In making a watch that’s engineered in such a way that the workings of all those complications are visible, and submitting the movement for the Seal of Geneva inspection and certification, Cartier is showing that they can stand toe-to-toe with the elite of traditional Swiss watchmakers. A slight aside from this particular watch, but the growing reputation at the highest end presumably reflects well on their entry-level in house movements, which is where the company will make up the bulk of their sales.

Buyers who care about the provenance of the movements in their watches and who are shopping around the highly-competitive $10,000 mark do tend to take into consideration what any given brand is capable of “off-limits,” and Cartier has been really strong at making unique and interesting halo-pieces – like those we mentioned further above. The Cartier Rotonde de Cartier Grand Complication is a nod towards traditional horology and to have an in-house movement of such complexity at hand sure helps strengthen one’s claim to being a blue-blooded haute horology manufacture.

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For anyone not sure about what it is, the Geneva Seal, or Poinçon de Genève is a way of further enforcing the notion that the movement, bearing the tiny seal inscribed somewhere on one of its plates, has met the strict criteria of the Geneva Seal – which in turn, as seen here, requires painstaking decoration work on all visible and non visible components. We won’t get into all twelve of the criteria of this inspection here; what it boils down to is ensuring that the workmanship of the movement and all its parts meet certain standards.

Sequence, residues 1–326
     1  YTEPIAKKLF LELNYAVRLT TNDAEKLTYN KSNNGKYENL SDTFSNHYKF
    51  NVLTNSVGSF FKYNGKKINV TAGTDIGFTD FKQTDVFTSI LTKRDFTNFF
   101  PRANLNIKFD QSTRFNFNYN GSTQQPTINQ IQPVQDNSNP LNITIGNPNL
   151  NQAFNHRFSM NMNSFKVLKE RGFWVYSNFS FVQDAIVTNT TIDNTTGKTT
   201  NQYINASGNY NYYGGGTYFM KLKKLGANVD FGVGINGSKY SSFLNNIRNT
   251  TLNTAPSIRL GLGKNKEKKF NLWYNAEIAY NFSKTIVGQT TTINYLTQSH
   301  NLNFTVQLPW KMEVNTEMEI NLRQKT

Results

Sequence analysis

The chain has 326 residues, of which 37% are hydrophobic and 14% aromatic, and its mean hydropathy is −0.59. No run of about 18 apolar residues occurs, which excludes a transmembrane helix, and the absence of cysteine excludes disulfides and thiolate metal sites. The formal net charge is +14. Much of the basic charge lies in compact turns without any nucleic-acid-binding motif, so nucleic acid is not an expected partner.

Since June 2012, the Seal includes accuracy tests as well, where cased-up watches are put on machines for a course of seven days to simulate the watches being worn. After the seven-day test, every timepiece must not have a deviation of more than 1 minute. That is about 9 seconds per day, which is considerably looser than COSC requirements – but then again, the submitted watches are usually extremely complicated and, ironically but not unexpectedly, are bound to be less accurate.


Beyond its rather stunning looks and the attention to detail found upon a closer inspection, the remarkably smart layout and compact size of the movement demands to be appreciated. Regardless its more modern feats – you know what they are: the busy dial, compromised legibility, and substantial form factor – Cartier has really tried to show what they are capable of when they have a go at traditional horology. Taking a few steps back from the Astro- watches, Mysterieuse watches, and the Crash watches – all of which feature terrific in-house movements – was a neat idea from the masterminds at Cartier, and they have taken it all the way here and executed it very admirably, indeed.

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The Cartier Rotonde De Cartier Grande Complication serves a very important purpose for the brand because, as a halo-piece, it further proves the capabilities of the manufacture. Like the “Grand” name in its title should imply, this result of five years of research and development, and months of production comes with a Grand price tag: price for the Cartier Rotonde De Cartier Grande Complication is $620,000.

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